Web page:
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An important day in Provo

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This promises to be a memorable day in Provo. Folks there of all political stripes should welcome Vice President Dick Cheney as he delivers the commencement address to Brigham Young University graduates. They also should realize that Cheney is a controversial figure at a pivotal time in U.S. history, a central character in the crafting and administration of policies that are shaping world events.

That has naturally led to protests and debates. Universities are supposed to be places where ideas are exchanged and considered, and where political philosophies are bantered. So long as the discussion remains civil, it is a positive thing. Anyone who won't listen to debate believes he or she has nothing to learn, which is a sad misconception.

Nor is it proper to show disrespect toward those who are bringing in speakers of their own to counter the vice president. This is a nation in which no single political philosophy or public-policy choice should be considered the last word.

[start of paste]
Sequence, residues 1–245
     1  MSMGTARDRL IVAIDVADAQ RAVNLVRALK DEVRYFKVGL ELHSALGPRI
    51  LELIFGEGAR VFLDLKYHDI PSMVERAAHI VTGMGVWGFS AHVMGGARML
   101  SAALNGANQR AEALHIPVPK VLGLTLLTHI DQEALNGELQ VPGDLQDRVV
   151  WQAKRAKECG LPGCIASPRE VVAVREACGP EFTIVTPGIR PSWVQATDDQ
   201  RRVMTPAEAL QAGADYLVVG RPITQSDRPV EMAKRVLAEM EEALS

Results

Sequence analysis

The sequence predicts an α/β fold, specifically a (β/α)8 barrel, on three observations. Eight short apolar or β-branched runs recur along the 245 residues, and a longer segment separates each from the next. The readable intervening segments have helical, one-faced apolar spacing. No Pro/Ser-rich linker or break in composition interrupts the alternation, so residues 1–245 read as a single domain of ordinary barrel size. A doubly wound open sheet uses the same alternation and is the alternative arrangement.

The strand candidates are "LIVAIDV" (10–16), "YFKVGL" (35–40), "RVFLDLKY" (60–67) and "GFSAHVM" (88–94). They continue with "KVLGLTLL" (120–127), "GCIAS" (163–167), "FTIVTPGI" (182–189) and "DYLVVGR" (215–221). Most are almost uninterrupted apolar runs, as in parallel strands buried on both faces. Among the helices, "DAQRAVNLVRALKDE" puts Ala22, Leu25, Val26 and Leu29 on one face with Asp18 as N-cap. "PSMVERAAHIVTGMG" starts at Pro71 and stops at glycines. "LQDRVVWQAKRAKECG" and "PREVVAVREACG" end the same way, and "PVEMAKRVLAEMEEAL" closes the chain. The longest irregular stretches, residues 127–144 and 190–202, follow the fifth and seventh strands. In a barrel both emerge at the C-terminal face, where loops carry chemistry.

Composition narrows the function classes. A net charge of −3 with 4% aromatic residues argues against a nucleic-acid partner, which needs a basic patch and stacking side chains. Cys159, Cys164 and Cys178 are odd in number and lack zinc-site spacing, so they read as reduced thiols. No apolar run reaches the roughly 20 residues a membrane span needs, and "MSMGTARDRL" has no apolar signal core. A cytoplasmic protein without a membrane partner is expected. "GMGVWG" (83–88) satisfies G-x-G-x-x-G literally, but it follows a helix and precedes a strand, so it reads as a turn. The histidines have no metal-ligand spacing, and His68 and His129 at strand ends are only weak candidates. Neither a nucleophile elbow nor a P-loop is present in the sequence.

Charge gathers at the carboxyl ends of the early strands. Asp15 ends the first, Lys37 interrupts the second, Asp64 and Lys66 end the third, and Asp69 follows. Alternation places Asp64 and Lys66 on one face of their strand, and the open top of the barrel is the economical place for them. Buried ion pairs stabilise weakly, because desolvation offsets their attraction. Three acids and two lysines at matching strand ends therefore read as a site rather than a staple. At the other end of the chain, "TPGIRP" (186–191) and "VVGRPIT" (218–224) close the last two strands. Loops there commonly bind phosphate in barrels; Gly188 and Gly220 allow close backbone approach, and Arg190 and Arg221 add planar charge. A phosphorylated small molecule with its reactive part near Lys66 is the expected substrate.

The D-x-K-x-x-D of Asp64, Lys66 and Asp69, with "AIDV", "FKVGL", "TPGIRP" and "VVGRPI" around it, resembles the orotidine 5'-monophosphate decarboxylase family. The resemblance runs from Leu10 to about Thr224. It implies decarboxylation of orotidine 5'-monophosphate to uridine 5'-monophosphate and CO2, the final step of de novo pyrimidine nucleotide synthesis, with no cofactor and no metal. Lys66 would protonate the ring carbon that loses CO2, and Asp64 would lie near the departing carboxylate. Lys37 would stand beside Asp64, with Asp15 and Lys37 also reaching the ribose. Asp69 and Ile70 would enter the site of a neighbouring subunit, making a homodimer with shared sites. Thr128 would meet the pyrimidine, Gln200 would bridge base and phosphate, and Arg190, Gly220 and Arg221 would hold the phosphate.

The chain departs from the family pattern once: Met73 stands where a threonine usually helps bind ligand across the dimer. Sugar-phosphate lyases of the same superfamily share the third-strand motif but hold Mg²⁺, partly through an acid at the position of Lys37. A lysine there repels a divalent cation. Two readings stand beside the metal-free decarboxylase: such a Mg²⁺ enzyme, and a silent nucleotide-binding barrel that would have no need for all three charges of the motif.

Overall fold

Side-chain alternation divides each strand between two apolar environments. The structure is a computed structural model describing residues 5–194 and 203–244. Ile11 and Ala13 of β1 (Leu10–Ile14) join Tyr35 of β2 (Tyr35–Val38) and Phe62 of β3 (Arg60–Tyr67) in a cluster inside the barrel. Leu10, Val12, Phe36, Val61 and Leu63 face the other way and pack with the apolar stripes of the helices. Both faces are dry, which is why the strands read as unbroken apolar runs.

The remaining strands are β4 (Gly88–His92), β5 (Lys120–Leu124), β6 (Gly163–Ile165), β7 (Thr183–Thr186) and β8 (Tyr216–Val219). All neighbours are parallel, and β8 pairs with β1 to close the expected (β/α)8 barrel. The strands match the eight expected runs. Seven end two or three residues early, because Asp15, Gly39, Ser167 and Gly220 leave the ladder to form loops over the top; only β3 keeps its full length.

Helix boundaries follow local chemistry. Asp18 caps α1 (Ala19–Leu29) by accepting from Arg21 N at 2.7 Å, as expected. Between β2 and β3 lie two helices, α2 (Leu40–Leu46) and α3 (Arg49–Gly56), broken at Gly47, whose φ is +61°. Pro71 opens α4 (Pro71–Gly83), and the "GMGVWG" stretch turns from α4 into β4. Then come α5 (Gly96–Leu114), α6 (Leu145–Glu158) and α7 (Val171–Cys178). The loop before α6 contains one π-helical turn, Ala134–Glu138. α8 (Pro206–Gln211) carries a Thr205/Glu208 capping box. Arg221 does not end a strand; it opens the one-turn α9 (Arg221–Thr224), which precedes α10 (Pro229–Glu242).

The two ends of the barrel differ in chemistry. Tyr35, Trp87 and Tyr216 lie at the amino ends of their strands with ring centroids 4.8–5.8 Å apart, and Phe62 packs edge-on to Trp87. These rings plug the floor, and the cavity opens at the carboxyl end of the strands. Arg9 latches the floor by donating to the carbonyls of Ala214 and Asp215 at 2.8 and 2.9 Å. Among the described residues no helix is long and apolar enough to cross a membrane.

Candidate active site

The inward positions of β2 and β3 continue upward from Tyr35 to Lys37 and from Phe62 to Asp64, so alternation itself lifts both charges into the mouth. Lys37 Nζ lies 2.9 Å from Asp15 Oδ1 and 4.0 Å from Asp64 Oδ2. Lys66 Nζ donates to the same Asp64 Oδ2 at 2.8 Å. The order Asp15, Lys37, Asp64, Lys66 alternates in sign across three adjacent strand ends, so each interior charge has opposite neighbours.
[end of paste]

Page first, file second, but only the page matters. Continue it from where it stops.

However, it is equally important to recognize the vice president as a person worthy of respect. He, along with the president, was twice elected to the office. Having him speak to its graduates today is indeed an honor for BYU.

To be honest, most commencement addresses disappear from memory about as quickly as they are given. Graduates and their families, rightfully happy and proud, have other things on their minds. By contrast, this group of graduates certainly will be given something to remember.

By the time they graduate, university students ought to possess the skills to independently examine issues, measure them against their own sets of core values and reach intelligent conclusions. This has made some of the opposition to the vice president's visit a bit insulting. Cheney's speech is neither an endorsement from the university or its sponsoring church (which also owns this newspaper), nor is it a mandate for graduates to vote a certain way in the future.

It is not something to be feared. Rather, the vice president's speech will be a memorable send-off for graduates commencing a lifelong pursuit of learning.